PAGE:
Now here's another one of those topics where there are very few neutral individuals. We all have our biases, and have a fairly good idea (if we are really honest with ourselves) where we want to end up, regardless of what the verses might say. We have all developed an ability to "wrest" (2 Pe. 3:16) the scriptures, that is put them on the torture rack and twist and pull at them to make them say what we want them to say. As a result, my approach on this thinking cap will be to go from the general to the particular as openly as I can.
This topic is important because women are now being ordained into the clergy and pastoral positions in virtually every denomination. I don't doubt their sincerity, nor their ability. But, is this Biblically a good or a bad thing?
1. Consider Adam and Eve before the Fall. God made male and female in his image equally (Ge. 1:27). God made man first, then Eve as a helper (Ge. 2:18). Man was given primary responsibility in creation (Ge. 2:19-20). Woman was made from the man (Ge. 2:21-22; 1 Cor. 11:8). Woman was made for the man (Ge. 2:18; 1 Cor. 11:9). Man named her "woman" (Ge. 2:23). Marriage was a divine institution (Ge. 2:24).
2. What can be concluded about Adam and Eve after the Fall? They were conscious of their nakedness, and sewed fig leaves together to cover themselves (Ge. 3:7). Fear emerged (Ge. 3:10). Self-justification emerged in both of them (Ge. 3:11-13). Bearing children would be painful (Ge. 3:16ab). The woman's desire will be for her husband (Ge. 3:16c). Man would rule over her. (Ge. 3:17b). Man would work by the sweat of his brow (Ge. 3:19).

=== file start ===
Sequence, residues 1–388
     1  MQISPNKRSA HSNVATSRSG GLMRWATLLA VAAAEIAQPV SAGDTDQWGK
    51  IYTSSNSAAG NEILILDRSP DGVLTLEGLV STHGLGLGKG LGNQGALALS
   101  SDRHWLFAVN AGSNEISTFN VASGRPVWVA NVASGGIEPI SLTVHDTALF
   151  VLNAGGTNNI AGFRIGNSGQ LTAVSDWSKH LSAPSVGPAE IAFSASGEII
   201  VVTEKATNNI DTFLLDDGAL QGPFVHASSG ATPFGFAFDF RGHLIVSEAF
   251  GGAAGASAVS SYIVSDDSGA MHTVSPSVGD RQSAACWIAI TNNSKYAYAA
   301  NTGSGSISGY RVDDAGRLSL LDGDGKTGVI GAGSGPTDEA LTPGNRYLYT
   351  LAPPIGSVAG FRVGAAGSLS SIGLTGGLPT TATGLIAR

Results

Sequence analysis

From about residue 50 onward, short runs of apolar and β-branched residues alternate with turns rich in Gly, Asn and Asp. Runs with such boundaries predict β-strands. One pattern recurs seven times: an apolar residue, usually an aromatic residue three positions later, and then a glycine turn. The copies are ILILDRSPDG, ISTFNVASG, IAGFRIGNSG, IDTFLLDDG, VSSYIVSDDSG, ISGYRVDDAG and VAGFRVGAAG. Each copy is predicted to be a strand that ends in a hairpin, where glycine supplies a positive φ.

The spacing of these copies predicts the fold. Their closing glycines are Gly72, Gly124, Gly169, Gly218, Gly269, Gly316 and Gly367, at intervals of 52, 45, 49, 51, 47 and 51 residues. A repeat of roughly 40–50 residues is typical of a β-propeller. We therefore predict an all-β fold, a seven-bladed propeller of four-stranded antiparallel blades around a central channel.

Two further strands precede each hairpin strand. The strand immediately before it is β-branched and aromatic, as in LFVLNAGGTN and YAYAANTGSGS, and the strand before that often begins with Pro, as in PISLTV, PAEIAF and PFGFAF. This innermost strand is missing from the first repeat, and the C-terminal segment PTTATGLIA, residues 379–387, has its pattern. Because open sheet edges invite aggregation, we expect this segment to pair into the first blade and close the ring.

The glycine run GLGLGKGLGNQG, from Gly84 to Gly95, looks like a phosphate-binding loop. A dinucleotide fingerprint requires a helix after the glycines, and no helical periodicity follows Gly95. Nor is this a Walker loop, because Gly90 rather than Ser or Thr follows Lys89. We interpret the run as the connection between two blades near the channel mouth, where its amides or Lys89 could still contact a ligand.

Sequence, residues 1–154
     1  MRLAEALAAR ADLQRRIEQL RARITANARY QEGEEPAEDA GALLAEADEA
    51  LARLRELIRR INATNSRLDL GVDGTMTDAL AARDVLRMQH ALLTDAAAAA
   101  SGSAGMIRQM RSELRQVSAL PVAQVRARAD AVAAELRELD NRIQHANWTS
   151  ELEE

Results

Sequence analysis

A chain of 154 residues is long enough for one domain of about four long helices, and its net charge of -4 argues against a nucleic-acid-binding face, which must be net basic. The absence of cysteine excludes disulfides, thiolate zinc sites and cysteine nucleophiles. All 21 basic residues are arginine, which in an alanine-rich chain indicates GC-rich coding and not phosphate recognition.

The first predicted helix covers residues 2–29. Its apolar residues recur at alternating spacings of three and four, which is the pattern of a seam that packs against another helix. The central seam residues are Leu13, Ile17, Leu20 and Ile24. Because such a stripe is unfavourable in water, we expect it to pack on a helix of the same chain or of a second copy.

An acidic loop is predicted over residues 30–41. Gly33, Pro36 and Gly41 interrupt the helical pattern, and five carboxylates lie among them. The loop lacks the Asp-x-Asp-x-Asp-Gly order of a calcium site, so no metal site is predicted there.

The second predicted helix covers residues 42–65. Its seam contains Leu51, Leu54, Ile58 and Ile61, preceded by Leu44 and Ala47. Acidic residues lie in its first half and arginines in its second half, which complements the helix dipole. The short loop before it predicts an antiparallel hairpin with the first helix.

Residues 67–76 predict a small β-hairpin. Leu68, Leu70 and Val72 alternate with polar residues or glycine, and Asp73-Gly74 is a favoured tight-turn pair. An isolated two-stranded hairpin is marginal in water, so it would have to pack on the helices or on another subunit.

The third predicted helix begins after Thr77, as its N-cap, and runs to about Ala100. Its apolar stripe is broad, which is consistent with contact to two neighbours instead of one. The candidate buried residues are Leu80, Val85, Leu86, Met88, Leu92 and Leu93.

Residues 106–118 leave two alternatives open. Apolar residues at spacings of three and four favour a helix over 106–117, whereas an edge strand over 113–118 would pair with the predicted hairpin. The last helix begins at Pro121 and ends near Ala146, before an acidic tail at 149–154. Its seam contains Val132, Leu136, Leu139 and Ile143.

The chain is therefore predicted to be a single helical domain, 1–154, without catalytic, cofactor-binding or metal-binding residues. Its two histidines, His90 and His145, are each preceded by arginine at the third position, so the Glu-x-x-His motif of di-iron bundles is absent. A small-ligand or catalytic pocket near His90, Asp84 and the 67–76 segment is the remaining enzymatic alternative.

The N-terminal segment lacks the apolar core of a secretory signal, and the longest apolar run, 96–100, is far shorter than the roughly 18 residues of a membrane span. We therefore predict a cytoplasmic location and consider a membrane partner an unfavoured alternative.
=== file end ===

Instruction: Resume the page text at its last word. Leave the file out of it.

3. Why is the distinction between Adam and Eve before and after the Fall important? It is important because Paul makes such a distinction (1 Tim. 2:11-15). Paul gives two reasons for his position --- the order of creation, and Eve's deception and sin. It is also important because Christian feminists believe that redemption in Christ effectively puts one back to a pre-fallen state. If a woman becomes a Christian, they say, she may be assured of being as Eve was before the Fall. It is pointed out that the husband's "rule" is done away with. Therefore equality implied (in the woman being made from man) is restored, according to this view. Thus, we must come to terms with this issue: Do we base our position on the pre-fallen situation which, some say, shows an equality? Or do we base our position on the post-fallen situation, which seems to accentuate the rule of man over the woman?
4. Paul's use of *kephale*, "head" in 1 Cor. 11:3 is the key to our understanding of the role of women. "But I would have you know, that the head of every man is Christ; and the head of the woman is the man; and the head of Christ is God." The question becomes, does *kephale* mean head as "source," or head meaning "authority"? Those advocating the opening of the pastorate to women want *kephale* to mean "source." "Source" means only that woman came from man, as a river flows for a lake. Equality would become the order of the day. Those who take a more traditional point of view say that *kephale* means "authority." This would suggest that "leadership is male." If so, the man has "authority" over the woman in the home and in the church.